US Defence Secretary Mark Esper said Tuesday he is looking to NATO allies for more help countering the ISIS extremist group in Iraq and in bolstering U.S. defence efforts in the Middle East more broadly.
In an interview while flying to Brussels to attend a NATO defence ministers meeting, Esper told reporters he wants NATO countries to do more to help Iraq’s security forces.
“As they put more forces in, that could allow us to decrease” the U.S. military’s workload there, he said.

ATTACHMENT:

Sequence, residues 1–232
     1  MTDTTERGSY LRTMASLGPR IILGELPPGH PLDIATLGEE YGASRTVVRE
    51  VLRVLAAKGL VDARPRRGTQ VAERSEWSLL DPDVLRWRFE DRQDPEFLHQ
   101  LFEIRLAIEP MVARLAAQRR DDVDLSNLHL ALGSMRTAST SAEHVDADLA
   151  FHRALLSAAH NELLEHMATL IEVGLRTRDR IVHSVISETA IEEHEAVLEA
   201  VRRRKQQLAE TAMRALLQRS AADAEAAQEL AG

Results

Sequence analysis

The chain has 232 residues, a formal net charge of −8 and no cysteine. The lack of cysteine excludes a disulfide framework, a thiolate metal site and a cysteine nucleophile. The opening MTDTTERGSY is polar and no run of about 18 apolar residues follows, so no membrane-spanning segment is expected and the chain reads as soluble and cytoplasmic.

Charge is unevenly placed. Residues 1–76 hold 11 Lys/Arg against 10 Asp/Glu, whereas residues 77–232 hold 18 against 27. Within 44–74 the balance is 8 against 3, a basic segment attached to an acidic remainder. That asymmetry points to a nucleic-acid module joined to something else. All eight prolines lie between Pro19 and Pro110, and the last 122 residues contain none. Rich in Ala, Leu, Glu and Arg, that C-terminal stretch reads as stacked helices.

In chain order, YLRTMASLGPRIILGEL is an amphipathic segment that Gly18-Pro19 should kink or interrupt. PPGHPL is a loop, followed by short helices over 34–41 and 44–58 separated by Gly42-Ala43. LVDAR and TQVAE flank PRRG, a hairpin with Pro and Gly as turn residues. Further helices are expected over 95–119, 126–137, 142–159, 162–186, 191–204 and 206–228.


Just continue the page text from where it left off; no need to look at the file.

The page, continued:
Esper is looking for ways to reduce the U.S. troop presence in Iraq so that some can be brought home to focus on longer-term challenges, particularly from China. Similarly, he is considering pulling some troops out of Africa.
The U.S. now has about 5,000 troops in Iraq, continuing a years-long effort to train and advise Iraqi security forces to prevent an ISIS resurgence. There also are about 12,000 U.S. troops in Afghanistan more than 18 years after the U.S. invaded to topple the Taliban.
NATO leads a training mission in Iraq, but that contingent is at less than full strength.
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